PHOENIX, Arizona — Benzodiazepines are being prescribed alone and in combination with opioids in increasing rates at primary care practices across the nation, according to new research.
The trend is particularly alarming in light of the association between benzodiazepine-opioid combinations and prescription drug deaths, said coauthor Ming-Chih Kao, PhD, MD, a clinical assistant professor at Stanford University Medical Center in Cupertino, California.
“[Statistics show] that from 1999 to 2006, there was a 250% increase in fatal overdoses in the US involving opioid medications,” he told Medscape Medical News. “More than half of the overdoses involved more than one type of drug — most commonly benzodiazepine.”
Their findings were presented here at the American Academy of Pain Medicine (AAPM) 30th Annual Meeting.
To better understand prescribing trends in their preliminary study, Dr. Kao and his colleagues evaluated a database of 3.1 billion primary care visits documented in the National Ambulatory Medical Center Survey (NAMCS) between 2002 and 2009.
They found that 12.6% of the primary care visits involved benzodiazepine or opioid prescriptions.After adjustment for demographic factors, payer status, psychiatric illnesses, and pain diagnoses, the prescription of benzodiazepines was found to increase by a rate of 12.5% per year (95% confidence interval [CI], 9.4% – 15.7%), while coprescribing with opioids increased by 12.0% per year (95% CI, 5.0% – 19.4%).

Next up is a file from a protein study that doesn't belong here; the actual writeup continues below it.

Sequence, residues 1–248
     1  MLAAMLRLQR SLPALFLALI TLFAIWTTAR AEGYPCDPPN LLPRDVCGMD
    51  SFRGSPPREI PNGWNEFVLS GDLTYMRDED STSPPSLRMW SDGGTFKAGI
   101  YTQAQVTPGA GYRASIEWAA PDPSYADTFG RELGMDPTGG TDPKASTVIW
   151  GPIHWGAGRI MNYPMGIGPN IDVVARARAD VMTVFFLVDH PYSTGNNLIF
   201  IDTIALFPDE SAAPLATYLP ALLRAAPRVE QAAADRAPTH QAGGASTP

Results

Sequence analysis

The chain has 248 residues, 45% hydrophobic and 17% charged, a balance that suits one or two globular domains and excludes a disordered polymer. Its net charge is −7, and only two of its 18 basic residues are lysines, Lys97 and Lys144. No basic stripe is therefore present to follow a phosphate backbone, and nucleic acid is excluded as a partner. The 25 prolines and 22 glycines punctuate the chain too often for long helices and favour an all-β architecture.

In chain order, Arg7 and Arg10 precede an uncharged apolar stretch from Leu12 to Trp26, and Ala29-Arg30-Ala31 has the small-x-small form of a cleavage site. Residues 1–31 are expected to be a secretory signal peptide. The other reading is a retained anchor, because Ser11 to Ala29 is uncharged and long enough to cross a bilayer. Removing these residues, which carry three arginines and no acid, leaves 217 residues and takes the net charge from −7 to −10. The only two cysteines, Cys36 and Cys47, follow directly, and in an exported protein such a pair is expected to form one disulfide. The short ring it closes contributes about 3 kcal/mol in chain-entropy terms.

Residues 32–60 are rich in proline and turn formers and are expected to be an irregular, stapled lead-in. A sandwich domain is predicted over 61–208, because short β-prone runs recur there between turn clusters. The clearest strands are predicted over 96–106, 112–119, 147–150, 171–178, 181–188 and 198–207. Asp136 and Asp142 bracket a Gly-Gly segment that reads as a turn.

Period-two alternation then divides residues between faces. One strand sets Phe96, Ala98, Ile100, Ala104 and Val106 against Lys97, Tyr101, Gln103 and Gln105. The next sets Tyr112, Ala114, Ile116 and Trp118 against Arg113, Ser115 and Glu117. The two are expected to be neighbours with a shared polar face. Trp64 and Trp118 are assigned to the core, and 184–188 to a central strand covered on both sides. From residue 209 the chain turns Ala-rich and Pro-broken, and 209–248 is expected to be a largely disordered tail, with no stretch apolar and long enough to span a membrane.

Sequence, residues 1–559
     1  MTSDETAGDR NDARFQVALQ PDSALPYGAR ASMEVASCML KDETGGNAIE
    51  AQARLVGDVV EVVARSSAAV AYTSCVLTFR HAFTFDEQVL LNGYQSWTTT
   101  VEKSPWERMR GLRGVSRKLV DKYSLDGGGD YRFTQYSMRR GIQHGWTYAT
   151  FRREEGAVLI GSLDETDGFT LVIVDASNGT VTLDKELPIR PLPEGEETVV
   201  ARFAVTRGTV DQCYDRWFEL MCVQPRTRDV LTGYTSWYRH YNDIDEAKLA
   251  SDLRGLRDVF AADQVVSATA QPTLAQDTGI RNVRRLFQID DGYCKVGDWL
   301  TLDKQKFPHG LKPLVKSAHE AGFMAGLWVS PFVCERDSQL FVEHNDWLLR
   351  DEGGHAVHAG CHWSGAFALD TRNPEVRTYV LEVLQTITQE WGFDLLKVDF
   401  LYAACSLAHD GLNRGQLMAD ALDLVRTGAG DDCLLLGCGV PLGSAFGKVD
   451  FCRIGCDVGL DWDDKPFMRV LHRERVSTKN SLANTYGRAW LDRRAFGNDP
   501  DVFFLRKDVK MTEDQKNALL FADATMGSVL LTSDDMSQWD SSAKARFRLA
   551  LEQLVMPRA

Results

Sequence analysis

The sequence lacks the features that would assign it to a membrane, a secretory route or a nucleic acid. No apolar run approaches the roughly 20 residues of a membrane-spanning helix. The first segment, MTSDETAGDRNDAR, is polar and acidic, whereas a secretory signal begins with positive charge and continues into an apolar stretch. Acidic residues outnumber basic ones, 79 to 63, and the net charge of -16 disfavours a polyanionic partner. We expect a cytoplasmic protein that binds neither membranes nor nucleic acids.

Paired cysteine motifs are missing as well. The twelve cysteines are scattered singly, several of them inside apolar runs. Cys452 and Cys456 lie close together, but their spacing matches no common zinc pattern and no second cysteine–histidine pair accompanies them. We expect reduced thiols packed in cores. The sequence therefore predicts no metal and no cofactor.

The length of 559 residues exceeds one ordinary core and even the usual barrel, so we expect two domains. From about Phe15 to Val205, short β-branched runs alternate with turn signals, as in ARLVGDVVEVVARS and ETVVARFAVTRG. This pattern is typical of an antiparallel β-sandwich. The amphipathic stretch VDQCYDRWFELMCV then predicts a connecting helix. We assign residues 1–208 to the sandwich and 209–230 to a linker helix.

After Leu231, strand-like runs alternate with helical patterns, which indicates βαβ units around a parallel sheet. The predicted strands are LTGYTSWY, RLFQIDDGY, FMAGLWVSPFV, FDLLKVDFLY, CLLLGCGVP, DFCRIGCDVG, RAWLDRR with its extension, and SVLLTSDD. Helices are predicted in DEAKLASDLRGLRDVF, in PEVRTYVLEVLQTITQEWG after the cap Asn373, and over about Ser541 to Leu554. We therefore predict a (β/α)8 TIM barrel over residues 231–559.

The researchers also evaluated data on 733 million emergency department visits in the same time period and found 32.4% of patients had benzodiazepine or opioid prescriptions.
After adjustment for the same factors as primary care visits, the data showed an increase in prescription of opioids in the emergency department setting at a rate of 3.4% per year and an increase of 3.7% per year for benzodiazepines. However, the prescription of benzodiazepines in combination with opioids increased by twice as much — 6.4% per year.
A variety of factors likely contribute to the increase in benzodiazepine prescription along with opioids in primary care clinics, ranging from benzodiazepines simply representing the go-to muscle relaxant to the lack insurance coverage for nonpharmacologic management, Dr. Kao explained.
“Reductions in physical therapy coverage nudges the primary care physician towards opioid medications for back pain, and reductions in mental health coverage nudges the primary care physicians towards benzodiazepine medications.” The influences cut across specialties, he added. “We have observed similar trends in specialist clinics as well.”
Dr. Kao noted that in his own previous experience as a community primary care physician, patients who ended up on both opioid and benzodiazepines were typically started on the medications at different episodes of care.
“The opioid would likely be started during an acute or acute-on-chronic pain episode, whereas the benzodiazepine started during time of heightened anxiety,” he explained.
“Sometimes these medications are individually continued while the attention is paid elsewhere, for instance in managing hypertension, diabetes, or arranging cancer screening.”